June Great Story by Janelle Del Campo, San Joaquin Valley Fellow
For my service year I work in the San Joaquin Valley region, specifically focused on the City of Fresno. I started late and I think that was due to the fact that there were very few people that wanted to be placed in the Central Valley. I can understand the initial unattractiveness of coming to the Central Valley, it is not close to a beach, it gets hotter than other locations during the winter, it is not as exciting as some other cities like Los Angeles or San Francisco. But, as I have gotten to work and live here I have begun to take offense to those opposed to the Central Valley. It is quite an incredible part of the state; it is bounded by the Cascade Range to the north, the Sierra Nevada to the east, the Tehachapi Mountains to the south, and the Coast Ranges and San Francisco Bay to the west. Living in Fresno, I can escape for the weekend or even the day to Yosemite National Park, Sequoia National Park, or Kings Canyon National Park.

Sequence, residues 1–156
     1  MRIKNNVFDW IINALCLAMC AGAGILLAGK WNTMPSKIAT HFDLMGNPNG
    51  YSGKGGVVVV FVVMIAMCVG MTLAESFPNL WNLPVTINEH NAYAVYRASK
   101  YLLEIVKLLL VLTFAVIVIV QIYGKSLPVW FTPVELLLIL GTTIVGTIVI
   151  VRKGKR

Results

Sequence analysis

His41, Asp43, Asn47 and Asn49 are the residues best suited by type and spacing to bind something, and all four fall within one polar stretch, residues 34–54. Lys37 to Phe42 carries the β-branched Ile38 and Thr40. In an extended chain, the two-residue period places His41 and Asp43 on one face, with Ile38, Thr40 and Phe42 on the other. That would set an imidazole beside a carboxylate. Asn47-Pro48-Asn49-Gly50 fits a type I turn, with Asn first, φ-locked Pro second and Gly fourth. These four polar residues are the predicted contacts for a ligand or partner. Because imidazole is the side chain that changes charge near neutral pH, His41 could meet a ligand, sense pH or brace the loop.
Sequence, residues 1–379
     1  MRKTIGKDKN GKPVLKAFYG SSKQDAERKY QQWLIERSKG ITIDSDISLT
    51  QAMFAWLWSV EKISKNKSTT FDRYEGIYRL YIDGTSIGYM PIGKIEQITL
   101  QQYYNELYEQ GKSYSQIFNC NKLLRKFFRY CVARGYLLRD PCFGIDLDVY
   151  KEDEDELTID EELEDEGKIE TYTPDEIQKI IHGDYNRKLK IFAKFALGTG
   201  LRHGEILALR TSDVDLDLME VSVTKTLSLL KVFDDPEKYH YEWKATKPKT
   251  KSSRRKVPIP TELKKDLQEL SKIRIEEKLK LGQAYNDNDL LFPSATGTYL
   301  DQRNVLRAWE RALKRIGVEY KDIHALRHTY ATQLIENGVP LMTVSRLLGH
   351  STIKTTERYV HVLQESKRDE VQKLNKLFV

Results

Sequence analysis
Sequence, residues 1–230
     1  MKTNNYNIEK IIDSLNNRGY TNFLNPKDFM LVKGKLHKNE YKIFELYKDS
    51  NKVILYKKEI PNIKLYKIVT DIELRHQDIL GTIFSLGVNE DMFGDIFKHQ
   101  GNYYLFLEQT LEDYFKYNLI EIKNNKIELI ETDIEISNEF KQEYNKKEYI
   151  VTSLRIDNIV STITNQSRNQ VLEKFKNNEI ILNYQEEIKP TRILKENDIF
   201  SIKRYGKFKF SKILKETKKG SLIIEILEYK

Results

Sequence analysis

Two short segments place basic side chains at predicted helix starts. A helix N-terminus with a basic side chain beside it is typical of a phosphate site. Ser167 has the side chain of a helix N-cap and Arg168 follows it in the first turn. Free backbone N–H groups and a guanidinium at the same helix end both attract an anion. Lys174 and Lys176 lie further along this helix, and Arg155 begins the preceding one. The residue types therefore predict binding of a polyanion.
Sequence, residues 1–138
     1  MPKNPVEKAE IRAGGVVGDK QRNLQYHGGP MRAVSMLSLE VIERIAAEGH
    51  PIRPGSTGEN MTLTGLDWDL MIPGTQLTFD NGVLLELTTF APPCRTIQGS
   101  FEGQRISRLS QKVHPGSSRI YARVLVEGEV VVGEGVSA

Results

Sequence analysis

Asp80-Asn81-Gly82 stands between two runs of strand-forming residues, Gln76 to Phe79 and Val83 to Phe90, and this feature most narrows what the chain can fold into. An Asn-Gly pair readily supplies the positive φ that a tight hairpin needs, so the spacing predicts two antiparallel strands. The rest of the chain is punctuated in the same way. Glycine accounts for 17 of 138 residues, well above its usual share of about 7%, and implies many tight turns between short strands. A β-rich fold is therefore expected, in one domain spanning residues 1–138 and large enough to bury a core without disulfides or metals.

One thing that has also really made me proud to be a Fresnian is the agriculture industry here in the Valley. The Central Valley is less than 1% of the nation’s farmland but supplies 8% of U.S. agricultural output (by value) and produces 1/4 of the Nation’s food, including 40% of the Nation’s fruits, nuts, and other table foods. It is a huge industry here and also a part of the culture. I used to live in Los Angeles and went to one grocery store about once a week. Here, there are local farmers markets a few times a week in so many different locations I have been able to get about 99% of my produce from them with little to no effort (there is however the occasional day where I have to go to the store because I need something random like mint or a tomato). It has been a nice change rather than previously when all my produce came from the local Vons, there is also a significant difference in the taste as well. My Uncle was born and raised in the Central Valley and has a large farm, I remember him giving us boxes of his fruit when we would visit and then take the drive back to Southern California. Now I am here and have a new appreciation for the industry, I also realize the amount of work that needs to be done here. There is an abundance of disadvantaged communities, the unemployment rate is high, the cost of energy is an issue, and there are still concerns over the future of water. I am glad that this Fellowship allowed me to contribute to some of the challenges this area faces; it just confirms that I need to continue my work.